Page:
Flat Tire

Last night my 11-year-old came into my office (9 p.m. to be exact, foreshadow, foreshadow), and said, “Mom, can you please get off the computer and be with me?” I should know better, right? After all, achieving work-life balance is one of the staples of the coaching diet. I turned off the computer and we sat on the couch reading White Fang aloud. I’m not sure which was worse: not being with him, or scaring him to death, but that’s beside the point… I hope. Was there really anything so important that I couldn’t have shut the computer off at say, oh, 5 p.m.? Truly? No.

So, take a look and ask yourself, “Is this me?”

You know you’re out of balance when…

  1. Your mail sits unopened for a week and you pay your bills late
  2. You think that the more plates you can spin, the more you can have it all
  3. You keep declining invitations with friends
  4. You can’t remember the last time you talked with your brother
  5. You forget appointments and blow off commitments (like working out, eating healthy)
  6. You stop writing your task lists for the week and fly by the seat of your pants
  7. You haven’t synched your PDA in weeks
  8. You don’t care if you’re not on track with your plan
  9. You can’t remember what’s in your plan
  10. You don’t answer your phone or you’re always on the phone

Isn’t “having it all” a hamster-wheel myth borne of fear?

Let’s stop the bloodletting and take a look. Making quality-of-life shifts is much more sustainable when the solutions come authentically and naturally from within. We achieve that by asking questions, making inquiries, and recommitting ourselves to actions that are connected to our values.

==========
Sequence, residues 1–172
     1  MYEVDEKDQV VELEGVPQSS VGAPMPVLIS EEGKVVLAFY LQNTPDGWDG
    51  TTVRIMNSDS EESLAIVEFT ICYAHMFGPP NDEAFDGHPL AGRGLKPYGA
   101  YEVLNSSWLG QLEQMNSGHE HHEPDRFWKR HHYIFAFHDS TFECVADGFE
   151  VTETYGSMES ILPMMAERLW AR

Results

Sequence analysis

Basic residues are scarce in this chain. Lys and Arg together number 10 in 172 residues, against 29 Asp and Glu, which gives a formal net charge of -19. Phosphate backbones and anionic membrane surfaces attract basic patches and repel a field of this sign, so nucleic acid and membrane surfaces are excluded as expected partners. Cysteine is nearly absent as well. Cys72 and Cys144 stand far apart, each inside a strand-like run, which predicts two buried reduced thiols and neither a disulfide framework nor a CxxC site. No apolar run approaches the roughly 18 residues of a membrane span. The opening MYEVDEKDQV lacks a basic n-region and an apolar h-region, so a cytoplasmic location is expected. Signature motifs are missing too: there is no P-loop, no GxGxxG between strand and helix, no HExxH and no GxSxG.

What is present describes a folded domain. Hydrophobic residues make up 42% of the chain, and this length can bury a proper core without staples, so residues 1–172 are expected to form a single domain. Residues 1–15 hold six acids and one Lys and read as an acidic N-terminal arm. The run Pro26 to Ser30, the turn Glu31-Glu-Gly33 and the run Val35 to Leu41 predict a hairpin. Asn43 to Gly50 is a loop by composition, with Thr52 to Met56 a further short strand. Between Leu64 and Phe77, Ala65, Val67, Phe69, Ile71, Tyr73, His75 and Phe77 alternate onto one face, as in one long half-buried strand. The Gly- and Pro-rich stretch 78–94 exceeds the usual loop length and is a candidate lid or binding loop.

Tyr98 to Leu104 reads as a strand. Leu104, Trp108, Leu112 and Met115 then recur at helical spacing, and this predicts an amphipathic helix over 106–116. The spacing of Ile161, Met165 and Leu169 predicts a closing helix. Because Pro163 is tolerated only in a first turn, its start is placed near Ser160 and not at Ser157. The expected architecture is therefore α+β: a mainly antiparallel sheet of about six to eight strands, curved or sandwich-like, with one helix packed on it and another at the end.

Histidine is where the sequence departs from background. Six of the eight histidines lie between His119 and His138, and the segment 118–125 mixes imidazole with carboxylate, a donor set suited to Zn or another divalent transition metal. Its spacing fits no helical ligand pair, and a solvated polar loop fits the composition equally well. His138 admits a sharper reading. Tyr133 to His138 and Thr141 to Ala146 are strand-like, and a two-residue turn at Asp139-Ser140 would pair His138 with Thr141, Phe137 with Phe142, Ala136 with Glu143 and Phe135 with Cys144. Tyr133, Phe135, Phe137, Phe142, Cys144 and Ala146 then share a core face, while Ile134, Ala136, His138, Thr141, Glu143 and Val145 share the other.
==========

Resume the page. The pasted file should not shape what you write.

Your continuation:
To get yourself back on track, it’s helpful to ask yourself some big, tough questions now and then. These
10 questions will bring resonance to your choices and heart to your actions:

  1. What is it to be completely fulfilled in life?
  2. What values, qualities of being must be present for you to have a fulfilled life?
  3. How would honoring those values impact your experience of work-life balance?
  4. What are you committed to? (Not goals… goals are the doings that happen inside the field of commitments.)
  5. What actions give you the least joy?
  6. If you were committed to an organized, energetic, juicy, fulfilling experience in your work and life, how would that change your perspective about #5?
  7. What two or three actions could you take right now that would create the most impact on your wellbeing?
  8. What three things do you do in your daily life have absolutely no relevance to work or life fulfillment?
  9. What are you willing to give up?
  10. When will you commit to answering all these questions?

No, really: When will you commit to answering all these questions?

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